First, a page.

Site Features
- Asian Film Awards
- Site Recommendations

- Reader Poll Results

- The Sponsor Page
- The FAQ Page
support this site by shopping at
Click to visit
Asian Blu-ray discs at
The Protector
|     review    |     notes     |     availability     |
Jackie Chan in The Protector
Chinese: 威龍猛探
Year: 1985
Director: James Glickenhaus
Producer: Leonard Ho Koon-Cheung
Cast: Jackie Chan, Danny Aiello, Moon Lee Choi-Fung, Roy Chiao, Peter Yang Kwan, Sally Yeh, Bill Wallace, Shum Wai, Lee Hoi-Sang, Sandy Alexander, Kim Bass, Irene Britto, Victor Arnold, Fung Hak-On, Tai Bo
The Skinny: Pre-Police Story Jackie Chan crime thriller gets points for being a big budget Rush Hour-esque Hollywood production. It also loses points because itís awkwardly paced, blankly acted and possesses little of the balls-to-wall action that Jackie fans would come to expect. Your mileage may vary depending on which version of the film you watch.
Review by
Hoi-Wah Ho:
It's Rush Hour 2, circa 1985! Sort of. Jackie Chan's second attempt to break into the North American market after The Big Brawl comes in the form of buddy-cop crime flick The Protector. However, instead of possessing the brilliant chemistry and humor of great buddy-cop movies such as the actual Rush Hour films (the first two, anyway), we get a watered-down, average Hollywood crime thriller that disappoints on all fronts.

Jackie is Billy Wong, a Chinese-American cop in New York. It is mentioned that he is a traffic officer, but since this is Jackie Chan, he walks around like "super cop" anyway. His partner is... forget it. He is introduced briefly and (not a spoiler) killed right away in the opening action sequence. Billy guns them all down (super cop, remember?) and proceeds to chase the last surviving thug on foot and by speedboat before killing him in a gigantic explosion.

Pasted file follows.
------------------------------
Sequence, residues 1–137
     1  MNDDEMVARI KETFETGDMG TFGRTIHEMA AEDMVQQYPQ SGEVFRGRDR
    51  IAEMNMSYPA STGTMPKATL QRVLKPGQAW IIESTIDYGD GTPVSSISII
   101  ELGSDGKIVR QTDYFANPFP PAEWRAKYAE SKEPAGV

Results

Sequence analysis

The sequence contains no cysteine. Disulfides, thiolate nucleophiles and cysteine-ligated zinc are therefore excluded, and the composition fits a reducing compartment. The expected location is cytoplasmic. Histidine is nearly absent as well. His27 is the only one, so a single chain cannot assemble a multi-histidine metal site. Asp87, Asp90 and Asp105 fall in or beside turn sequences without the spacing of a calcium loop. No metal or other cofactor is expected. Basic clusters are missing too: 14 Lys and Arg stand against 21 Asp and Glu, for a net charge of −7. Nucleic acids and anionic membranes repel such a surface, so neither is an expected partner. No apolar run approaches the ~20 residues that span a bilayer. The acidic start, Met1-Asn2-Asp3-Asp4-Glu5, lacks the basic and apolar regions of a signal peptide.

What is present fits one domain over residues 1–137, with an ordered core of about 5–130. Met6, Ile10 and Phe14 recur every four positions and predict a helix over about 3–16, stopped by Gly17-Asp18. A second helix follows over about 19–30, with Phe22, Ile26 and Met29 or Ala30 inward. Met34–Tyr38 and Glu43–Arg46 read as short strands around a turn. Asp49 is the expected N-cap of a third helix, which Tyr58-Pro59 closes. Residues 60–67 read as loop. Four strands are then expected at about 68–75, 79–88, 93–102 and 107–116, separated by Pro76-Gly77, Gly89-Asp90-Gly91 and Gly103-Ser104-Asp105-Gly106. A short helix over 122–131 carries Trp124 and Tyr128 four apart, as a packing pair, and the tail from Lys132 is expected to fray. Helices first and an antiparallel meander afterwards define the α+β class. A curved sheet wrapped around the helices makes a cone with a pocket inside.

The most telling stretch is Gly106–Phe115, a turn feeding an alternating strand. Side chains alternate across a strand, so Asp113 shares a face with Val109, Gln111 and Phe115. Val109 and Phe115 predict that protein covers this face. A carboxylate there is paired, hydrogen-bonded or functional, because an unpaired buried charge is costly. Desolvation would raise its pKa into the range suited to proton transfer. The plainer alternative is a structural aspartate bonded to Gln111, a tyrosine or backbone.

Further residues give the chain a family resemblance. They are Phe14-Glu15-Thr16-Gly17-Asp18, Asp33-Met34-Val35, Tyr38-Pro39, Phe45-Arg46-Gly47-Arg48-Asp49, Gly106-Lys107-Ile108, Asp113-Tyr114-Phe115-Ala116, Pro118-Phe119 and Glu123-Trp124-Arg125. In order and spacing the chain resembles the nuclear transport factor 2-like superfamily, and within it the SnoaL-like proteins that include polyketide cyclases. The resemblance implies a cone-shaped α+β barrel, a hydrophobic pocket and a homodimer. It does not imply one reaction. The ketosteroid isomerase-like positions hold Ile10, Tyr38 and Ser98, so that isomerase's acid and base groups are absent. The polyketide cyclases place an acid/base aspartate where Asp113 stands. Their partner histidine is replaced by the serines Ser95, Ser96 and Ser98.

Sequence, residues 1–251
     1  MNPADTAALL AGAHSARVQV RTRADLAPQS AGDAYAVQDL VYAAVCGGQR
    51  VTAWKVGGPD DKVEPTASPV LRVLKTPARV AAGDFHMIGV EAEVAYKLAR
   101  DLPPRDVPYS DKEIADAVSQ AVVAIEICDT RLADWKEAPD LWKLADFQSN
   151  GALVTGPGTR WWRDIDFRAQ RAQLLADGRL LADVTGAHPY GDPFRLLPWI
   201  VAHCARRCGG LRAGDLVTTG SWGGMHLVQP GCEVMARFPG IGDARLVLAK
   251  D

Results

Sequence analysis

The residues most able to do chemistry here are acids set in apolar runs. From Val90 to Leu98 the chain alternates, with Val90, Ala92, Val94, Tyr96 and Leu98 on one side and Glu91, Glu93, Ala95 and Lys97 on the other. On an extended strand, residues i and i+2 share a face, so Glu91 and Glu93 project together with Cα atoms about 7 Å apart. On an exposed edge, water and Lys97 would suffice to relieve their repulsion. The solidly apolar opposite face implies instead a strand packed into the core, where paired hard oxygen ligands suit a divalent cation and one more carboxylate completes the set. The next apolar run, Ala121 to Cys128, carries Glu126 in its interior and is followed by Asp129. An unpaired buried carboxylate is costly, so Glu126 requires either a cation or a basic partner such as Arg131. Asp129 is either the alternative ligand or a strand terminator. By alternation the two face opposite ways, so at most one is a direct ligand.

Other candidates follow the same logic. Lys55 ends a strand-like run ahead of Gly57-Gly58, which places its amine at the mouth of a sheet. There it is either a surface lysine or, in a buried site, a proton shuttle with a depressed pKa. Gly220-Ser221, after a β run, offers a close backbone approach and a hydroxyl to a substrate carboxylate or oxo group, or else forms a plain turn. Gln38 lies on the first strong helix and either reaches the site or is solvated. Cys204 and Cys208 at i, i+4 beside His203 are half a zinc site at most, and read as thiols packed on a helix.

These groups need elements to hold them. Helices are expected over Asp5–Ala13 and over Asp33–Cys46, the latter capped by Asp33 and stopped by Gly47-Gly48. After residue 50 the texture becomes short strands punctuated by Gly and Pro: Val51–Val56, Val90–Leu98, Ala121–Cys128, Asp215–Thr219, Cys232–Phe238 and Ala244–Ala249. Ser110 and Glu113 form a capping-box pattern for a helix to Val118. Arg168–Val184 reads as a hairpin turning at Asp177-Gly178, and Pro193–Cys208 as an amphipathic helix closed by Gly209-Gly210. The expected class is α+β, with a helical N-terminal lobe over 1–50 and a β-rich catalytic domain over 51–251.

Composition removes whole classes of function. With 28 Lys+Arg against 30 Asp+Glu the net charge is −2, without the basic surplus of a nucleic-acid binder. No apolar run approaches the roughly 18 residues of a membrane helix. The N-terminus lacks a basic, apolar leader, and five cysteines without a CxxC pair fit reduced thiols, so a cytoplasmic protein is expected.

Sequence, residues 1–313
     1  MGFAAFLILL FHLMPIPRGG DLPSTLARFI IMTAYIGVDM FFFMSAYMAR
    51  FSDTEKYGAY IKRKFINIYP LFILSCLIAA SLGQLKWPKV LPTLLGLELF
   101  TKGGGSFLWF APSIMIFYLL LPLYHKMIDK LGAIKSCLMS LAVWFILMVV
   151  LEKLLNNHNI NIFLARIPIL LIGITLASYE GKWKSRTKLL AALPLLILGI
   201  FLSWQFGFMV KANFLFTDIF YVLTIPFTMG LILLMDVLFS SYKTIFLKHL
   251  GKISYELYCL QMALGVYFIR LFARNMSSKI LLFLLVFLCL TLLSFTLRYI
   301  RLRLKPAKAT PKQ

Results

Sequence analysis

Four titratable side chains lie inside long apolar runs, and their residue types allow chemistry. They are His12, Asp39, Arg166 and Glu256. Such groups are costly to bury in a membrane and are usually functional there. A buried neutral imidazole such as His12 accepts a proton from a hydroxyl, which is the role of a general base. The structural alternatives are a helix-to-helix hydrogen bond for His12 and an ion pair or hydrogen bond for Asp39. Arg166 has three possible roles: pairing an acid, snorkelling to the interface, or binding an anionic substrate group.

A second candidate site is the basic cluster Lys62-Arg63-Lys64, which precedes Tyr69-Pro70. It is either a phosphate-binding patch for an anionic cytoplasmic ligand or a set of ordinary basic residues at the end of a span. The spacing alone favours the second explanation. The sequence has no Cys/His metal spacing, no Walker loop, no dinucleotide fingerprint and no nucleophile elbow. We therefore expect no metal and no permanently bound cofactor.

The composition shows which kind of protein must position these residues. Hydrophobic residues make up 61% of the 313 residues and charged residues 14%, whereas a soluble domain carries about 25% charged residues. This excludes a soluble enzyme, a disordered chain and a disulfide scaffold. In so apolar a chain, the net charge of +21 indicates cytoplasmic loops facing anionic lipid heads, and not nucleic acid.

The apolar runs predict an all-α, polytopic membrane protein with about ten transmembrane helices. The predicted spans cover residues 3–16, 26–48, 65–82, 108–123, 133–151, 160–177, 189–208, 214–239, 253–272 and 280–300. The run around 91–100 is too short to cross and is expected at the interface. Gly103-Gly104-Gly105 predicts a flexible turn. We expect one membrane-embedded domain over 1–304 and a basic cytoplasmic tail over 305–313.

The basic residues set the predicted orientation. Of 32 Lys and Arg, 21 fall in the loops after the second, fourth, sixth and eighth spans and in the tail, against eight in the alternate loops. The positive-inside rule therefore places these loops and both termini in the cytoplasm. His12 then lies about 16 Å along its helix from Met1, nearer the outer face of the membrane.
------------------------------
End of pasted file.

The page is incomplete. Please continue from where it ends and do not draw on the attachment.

After mourning the death of his partner (read: barely), Billy is assigned with a new one (Dann Aiello) and both are sent to Hong Kong to investigate a drug-related kidnapping of an important American VIP by the Triads. Action ensues in a massage parlor (Rush Hour 2!), a warehouse (Police Story 2!), on more boats and even on top of a platform that is raised a hundred feet into the air, all by the time the film is over.

This all sounds like vintage, crazy Jackie Chan action right? Not quite. The amount of time that it takes for all this stuff to actually happen is mind-boggling. The action sequences take far too long to resolve themselves, resulting in a pace that is very un-Jackie Chan. Someone was dozing off in the editing room.

When the action does happen, the stunts seem watered down - at least when compared to films that Chan was already making at the time (e.g., Wheels on Meals). Fans of Jackie Chan will probably see this coming, because itís an American film with mainly American actors doing the stunts, and not the JC Stunt Team. Fill in the rest of the movie with gratuitous nudity and American humor and you have a film that is as strange as it is mildly entertaining.

There is some mild fun to be had. The film is shot with a grand "This is a Hollywood movie!"-type of style, and features beautiful locations and detailed action set pieces. Danny Aiello is kind of funny, some babes show up (an early Moon Lee appears in a glorified flower vase cameo), and it's kind of neat to see Chan treated as the main star in an Ď80s Hollywood film.

But because this is an early Jackie Chan film made when he was still in his physical prime, The Protector feels like a big disappointment. The characters are so thin that itís hard to care if anyone dies - including Chan himself, even though we know that can't happen. This could be the fault of director James Glickenhaus, who Chan butted heads with during production.

Jackie Chan later re-cut and re-shot parts of The Protector for its Hong Kong release. Then, to prove to the Hollywood system that his Hong Kong-style action shouldn't be watered down with lazy editing and American-style shtick, he made Police Story. The rest is history. (Danny Hoi-Wah Ho, 2012)


• This review refers to the American version of the film. The Hong Kong version has new scenes with Sally Yeh, no nudity, and all American-style comedy is emoved. Also, the Hong Kong version is dubbed in Cantonese and all the action scenes were re-cut for a much faster pace.

Availability: DVD (Hong Kong)
Region 0 NTSC
Joy Sales (HK)
16x9 Anamorphic Widescreen
English Language Track
Dolby Digital 5.1 / DTS 5.1
Removable English and Chinese Subtitles

*Also Available on Blu-ray Disc
  Copyright ©2002-2017 Ross Chen